Grace Kernick Clare
of Rev. Herbert H. Clare
H. H. CLARE. E. Grace Kernick, daughter of Rev. E. M. and Elizabeth Kernick, and
wife of Rev. H. H. Clare, was both daughter and mistress of the
Methodist Parsonage. She was born in Fairview, Butler Co., Pennsylvania,
September 21, 1871, and followed the fortunes of the family in the
changes incident to her father's work as a Methodist minister. From
childhood, her deep and beautiful religious nature became evident and
between her and her scholarly and zealous Christian rather a pecular
sympathy existed. She early, took active part in the work of the church
and was a great factor for good among the young people of her father's
parishes. It was therefore no marvel that when living in Dunkirk she
should have attracted the attention and won the love of the young
theological student, Herbert H. Clare. They were married in the
beautiful parsonage, just completed by her father, in Dunkirk, on August
25, 1892. Together, the next month, they entered the Erie Conference,
and for two decades she was a faithful and successful pastor's wife. In
the church at Linesville, Pa.. is a beautiful window, lovingly placed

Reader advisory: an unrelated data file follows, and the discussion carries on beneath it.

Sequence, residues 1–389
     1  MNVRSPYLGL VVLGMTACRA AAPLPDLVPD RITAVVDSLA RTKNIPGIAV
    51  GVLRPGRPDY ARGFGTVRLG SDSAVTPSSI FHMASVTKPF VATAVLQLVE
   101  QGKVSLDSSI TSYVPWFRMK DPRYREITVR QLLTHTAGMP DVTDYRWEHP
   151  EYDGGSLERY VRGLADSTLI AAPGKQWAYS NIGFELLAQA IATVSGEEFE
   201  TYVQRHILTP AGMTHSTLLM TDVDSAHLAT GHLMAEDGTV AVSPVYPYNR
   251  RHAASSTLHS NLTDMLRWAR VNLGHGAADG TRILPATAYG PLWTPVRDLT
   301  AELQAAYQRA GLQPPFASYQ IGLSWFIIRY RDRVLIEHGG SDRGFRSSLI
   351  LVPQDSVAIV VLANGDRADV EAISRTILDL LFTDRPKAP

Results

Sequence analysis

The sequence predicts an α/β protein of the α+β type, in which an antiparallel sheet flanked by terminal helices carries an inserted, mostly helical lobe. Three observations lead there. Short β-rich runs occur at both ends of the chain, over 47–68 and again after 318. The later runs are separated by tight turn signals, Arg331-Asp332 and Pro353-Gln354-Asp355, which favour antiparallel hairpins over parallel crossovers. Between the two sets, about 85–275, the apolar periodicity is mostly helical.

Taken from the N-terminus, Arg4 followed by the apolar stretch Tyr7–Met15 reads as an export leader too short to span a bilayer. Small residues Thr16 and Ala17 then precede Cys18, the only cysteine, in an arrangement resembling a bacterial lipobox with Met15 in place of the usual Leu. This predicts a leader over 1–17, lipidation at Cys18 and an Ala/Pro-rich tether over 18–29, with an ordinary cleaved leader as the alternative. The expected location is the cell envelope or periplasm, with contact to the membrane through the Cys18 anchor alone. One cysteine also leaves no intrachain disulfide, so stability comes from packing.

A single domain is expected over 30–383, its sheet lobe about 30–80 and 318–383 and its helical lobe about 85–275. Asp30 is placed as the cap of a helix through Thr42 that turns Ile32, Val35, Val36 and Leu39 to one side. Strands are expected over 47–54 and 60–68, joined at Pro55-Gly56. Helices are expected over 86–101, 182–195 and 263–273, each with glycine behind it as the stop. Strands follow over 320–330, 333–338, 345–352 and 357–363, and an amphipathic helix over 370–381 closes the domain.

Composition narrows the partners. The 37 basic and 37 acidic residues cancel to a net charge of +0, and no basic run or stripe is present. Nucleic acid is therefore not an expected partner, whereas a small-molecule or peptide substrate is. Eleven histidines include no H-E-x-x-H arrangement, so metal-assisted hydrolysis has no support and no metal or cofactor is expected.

there by the church in recognition of the splendid work of Rev. and Mrs.
Clare. Not only her work in the church and community is to be noted, but
the hospitality of her home and the loyalty of her friendship. At her
fireside was a welcome for all and she had friends everywhere because
everywhere she was a friend.
She was possessed of a peculiar love of good and an aborrence of
evil. There was never any question as to her stand on questions
involving right and wrong.
When into the home came the little girl, she was admitted to the
warm affection of a mother's heart. Her devotion to the little daughter
was the subject of common remark. Her repression of her own affectionate
nature in behalf of the child's safety during the last months of her
illness was heroic. Craving with all the wealth of her nature the
caresses of affection, she denied herself for the sake of her beloved.
deeper and more important than any other were her services as the wife
of her now greatly bereaved husband. She was his constant inspiration.
She guarded the door of his study. She spurred him by her courage. She
lifted him by her prayers. She shielded him by her unwavering faith.
several months she suffered from that dread disease, consumption. Human
skill was exhausted in the efforts to abate its ravages but all in vain.
The loving hands of those dearest to her ministered to her needs and she
passed away with their loved faces bending over her.
was a beautiful soul who lived and loved and worked. The Christian's
faith and consequently the Christianís hope were hers, and we know she
but "sleeps to wake."
By H. G. Odgen, Memoirs of Deceased Wives of Ministers,
Journal and Yearbook, Erie Conference, 1912, pages 128-130